Sunday, 16 November 2014

November spawned a .......Garganey

Foggy November mornings are not ideal for searching out birds across the Washes and even as the gloom cleared we were unable to find the Green-winged Teal that had been found at Witcham Gravel the day before.  We checked through a flock of presumed Wigeon in the murk looking for little duck and Ben commented on the Trumpeter like features of the Swan with the group.  Scopes at full zoom through the gloom it was still showing bill patterning in line with a Trumpeter and we began to discuss the bird a little more.  A couple of dogs swam into the wildfowl, how strange they don't spook the assembled duck and why... there's a bloke there, thigh high in the water picking up the swan.  Call it a trick of the mist or more likely birding ineptitude but we had been duped, all the birds were decoys.   At least this explained the Nearctic origins of the Swan, and we can take some ironic pleasure in knowing that we had successfully identified the decoy swan to species, how we laughed across the dewy cradge bank.

Heading to Welney to have a look for Buzzards the fog thickened and a walk across the fields was at best enigmatic but it was inevitably impossible conditions for raptor watching.  A return look through the video footage of last week's Rough-Leg revealed this freeze frame which by no means conclusively identifies the bird as a Rough-Leg but does, I think, eliminate Ben's pale Buzzard on tail pattern.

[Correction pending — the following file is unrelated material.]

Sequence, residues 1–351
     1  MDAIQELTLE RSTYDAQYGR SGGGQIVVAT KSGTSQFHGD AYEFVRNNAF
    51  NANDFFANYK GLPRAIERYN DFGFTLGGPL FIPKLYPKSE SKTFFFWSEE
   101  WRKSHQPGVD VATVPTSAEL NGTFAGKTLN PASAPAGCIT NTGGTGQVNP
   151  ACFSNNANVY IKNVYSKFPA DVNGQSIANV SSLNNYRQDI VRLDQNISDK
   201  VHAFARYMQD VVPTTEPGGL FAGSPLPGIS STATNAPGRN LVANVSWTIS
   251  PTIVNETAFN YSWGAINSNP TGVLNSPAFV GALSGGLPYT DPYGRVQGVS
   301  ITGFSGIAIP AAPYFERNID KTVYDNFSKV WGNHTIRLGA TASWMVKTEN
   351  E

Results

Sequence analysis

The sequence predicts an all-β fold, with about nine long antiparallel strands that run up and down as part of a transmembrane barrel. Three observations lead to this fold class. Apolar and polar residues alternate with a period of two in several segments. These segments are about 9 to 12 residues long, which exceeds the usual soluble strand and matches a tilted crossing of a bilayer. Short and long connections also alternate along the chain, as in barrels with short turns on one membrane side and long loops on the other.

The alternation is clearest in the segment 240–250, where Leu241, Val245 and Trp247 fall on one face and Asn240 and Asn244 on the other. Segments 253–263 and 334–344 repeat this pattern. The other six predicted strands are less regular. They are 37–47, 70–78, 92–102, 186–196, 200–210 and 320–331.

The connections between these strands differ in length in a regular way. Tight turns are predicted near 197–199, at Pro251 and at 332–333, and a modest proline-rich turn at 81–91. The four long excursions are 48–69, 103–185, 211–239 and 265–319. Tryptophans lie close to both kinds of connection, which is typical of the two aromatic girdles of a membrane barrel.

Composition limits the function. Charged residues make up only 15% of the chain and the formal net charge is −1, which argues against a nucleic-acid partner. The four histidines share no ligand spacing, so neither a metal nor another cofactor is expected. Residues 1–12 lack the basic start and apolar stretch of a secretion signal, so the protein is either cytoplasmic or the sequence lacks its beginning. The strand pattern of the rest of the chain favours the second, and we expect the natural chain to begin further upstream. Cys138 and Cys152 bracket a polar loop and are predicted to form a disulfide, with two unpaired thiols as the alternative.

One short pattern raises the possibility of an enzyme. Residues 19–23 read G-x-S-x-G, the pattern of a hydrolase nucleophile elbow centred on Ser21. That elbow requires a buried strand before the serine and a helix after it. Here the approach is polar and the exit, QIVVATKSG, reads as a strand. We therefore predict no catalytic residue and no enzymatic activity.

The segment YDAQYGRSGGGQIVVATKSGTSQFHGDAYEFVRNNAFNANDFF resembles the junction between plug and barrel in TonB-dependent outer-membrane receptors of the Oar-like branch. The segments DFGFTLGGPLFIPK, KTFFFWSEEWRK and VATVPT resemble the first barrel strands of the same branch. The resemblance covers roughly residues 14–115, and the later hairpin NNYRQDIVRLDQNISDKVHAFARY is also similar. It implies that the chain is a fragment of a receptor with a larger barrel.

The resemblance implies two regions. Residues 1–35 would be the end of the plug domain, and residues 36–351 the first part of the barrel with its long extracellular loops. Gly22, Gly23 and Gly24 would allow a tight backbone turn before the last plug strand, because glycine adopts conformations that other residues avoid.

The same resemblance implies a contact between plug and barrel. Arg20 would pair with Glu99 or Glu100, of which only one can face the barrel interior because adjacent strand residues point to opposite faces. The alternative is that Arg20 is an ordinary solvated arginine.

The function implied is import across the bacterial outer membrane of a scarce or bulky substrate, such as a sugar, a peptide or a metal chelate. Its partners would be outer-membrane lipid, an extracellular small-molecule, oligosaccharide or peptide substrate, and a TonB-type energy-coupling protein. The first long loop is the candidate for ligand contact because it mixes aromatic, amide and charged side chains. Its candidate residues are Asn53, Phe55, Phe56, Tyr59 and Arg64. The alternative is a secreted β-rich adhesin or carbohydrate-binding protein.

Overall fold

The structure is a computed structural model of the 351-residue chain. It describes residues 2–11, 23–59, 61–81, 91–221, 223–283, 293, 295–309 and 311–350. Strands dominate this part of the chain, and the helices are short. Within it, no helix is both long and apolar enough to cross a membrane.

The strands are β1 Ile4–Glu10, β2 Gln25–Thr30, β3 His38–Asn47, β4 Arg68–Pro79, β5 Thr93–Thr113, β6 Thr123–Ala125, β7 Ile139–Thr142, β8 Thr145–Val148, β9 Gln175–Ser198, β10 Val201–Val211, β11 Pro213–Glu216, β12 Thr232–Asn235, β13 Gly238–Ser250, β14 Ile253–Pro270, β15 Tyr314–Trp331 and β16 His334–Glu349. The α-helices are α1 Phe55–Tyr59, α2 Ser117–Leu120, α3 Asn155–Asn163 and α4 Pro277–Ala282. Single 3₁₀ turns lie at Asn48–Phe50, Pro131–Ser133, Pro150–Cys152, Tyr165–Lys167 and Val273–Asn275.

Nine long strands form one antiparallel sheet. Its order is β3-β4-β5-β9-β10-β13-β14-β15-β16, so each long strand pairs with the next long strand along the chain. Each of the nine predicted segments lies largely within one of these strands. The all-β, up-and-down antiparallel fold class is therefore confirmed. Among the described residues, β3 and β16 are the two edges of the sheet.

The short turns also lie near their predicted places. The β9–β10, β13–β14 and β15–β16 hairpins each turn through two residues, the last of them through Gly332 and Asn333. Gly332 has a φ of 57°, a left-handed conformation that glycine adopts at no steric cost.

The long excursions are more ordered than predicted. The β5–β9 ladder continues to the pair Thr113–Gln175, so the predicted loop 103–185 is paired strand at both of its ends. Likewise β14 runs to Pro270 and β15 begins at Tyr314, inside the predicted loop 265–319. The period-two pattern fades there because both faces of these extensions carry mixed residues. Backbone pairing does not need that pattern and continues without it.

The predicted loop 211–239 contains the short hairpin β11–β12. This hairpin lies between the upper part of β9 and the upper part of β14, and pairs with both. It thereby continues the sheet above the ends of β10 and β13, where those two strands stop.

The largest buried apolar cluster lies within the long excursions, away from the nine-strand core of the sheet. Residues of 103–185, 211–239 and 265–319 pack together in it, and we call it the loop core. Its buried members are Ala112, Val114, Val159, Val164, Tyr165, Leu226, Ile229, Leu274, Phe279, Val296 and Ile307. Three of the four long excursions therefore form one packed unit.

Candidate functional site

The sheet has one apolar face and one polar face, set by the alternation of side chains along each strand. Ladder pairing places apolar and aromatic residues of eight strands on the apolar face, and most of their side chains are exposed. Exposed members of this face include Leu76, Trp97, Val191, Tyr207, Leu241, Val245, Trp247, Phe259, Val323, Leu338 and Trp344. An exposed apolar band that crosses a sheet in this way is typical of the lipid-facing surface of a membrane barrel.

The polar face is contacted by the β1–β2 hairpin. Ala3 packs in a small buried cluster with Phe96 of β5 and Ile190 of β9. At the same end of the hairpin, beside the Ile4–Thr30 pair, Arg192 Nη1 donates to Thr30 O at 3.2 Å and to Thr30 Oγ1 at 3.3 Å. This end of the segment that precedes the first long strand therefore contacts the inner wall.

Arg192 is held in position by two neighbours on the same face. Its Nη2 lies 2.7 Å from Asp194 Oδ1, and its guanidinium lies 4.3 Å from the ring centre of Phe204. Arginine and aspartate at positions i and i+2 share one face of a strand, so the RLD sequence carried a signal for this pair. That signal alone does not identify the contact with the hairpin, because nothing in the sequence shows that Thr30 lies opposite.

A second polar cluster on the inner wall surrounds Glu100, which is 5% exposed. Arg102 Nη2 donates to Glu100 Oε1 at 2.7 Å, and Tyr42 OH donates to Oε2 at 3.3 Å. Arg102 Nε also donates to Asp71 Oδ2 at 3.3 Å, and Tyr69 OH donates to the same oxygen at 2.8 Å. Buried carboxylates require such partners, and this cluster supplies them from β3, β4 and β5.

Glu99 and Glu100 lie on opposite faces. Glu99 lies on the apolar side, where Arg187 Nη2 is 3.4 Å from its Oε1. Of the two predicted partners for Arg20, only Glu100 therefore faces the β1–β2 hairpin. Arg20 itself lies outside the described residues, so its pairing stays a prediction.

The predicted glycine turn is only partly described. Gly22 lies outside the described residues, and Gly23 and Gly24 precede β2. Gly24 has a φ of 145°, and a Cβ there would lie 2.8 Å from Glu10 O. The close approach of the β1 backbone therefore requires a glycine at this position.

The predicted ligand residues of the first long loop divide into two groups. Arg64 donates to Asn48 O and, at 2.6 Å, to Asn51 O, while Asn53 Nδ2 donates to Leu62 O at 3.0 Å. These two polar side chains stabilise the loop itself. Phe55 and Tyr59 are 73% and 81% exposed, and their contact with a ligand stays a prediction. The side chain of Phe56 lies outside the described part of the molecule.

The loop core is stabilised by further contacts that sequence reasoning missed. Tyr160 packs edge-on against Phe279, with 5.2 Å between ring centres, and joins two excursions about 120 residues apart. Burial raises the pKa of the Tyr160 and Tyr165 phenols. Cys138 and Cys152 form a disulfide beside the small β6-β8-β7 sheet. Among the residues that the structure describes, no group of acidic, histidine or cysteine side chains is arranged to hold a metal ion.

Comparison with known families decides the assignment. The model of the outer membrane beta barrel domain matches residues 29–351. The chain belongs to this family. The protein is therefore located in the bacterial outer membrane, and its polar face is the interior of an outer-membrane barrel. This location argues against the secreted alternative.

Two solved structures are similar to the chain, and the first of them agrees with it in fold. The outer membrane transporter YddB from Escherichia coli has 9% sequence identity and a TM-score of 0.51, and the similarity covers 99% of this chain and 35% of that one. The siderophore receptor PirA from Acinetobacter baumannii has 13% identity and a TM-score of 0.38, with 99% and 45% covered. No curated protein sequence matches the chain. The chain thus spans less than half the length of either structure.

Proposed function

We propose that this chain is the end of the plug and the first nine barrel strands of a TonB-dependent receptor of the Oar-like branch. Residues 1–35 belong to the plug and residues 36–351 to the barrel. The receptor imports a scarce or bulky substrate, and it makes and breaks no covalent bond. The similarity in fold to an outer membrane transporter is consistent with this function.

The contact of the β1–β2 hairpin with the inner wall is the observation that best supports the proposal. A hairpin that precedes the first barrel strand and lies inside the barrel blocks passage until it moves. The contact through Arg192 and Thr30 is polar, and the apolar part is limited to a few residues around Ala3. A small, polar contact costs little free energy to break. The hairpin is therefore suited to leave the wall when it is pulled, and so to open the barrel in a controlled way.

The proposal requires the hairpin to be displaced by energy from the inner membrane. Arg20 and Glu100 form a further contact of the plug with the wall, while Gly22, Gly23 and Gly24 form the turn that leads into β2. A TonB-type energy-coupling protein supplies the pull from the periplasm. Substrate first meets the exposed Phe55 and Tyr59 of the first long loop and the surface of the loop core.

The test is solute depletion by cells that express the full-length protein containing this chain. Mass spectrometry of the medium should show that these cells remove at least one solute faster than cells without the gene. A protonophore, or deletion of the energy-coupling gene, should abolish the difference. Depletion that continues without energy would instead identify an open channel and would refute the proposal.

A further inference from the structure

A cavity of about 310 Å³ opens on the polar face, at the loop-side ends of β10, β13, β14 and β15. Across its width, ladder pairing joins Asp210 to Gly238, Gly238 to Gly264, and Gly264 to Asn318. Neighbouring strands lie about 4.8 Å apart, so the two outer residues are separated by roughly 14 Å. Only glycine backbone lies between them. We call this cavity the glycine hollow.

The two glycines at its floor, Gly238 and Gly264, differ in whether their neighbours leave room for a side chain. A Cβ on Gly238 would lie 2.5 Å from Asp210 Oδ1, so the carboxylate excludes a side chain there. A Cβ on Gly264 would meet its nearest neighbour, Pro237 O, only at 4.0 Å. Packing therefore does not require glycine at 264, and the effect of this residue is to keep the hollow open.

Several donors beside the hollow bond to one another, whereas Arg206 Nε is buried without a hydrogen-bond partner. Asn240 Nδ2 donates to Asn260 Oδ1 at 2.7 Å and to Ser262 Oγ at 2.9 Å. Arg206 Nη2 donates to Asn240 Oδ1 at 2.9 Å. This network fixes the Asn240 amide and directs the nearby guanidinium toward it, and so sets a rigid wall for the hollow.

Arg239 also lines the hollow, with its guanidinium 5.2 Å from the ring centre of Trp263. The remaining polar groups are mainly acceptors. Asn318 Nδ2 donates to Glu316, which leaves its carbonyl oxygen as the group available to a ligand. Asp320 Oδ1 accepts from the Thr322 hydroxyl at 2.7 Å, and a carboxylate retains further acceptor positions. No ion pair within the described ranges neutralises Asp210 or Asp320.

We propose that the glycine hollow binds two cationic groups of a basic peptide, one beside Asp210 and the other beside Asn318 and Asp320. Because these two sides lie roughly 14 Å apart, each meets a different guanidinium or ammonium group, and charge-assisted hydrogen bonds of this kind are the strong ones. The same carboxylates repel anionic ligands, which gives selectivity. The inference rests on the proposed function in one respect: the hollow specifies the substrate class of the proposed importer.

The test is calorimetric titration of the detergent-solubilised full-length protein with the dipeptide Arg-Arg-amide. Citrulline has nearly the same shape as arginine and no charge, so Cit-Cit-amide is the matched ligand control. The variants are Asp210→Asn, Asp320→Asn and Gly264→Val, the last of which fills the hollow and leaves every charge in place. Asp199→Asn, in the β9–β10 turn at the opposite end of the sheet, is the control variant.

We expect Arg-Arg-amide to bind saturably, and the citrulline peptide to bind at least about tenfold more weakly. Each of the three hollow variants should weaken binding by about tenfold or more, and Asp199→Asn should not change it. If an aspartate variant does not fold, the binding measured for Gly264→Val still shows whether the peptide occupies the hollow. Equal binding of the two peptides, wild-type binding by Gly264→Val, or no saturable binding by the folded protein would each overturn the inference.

Returning to the uplands of Ely the fog cleared again and a quick look on the settling beds produced a Bittern that flew a short distance appearing to have been spooked by a low flying Cormorant. This is the first Bittern I've seen here for many, many months and a Cetti's Warbler burst forth in song to celebrate.  Later in the day an unseasonal Garganey was a found with the Teal flock,  and it was still present this morning when I was able to excel again in the esoteric art of blurry bird video.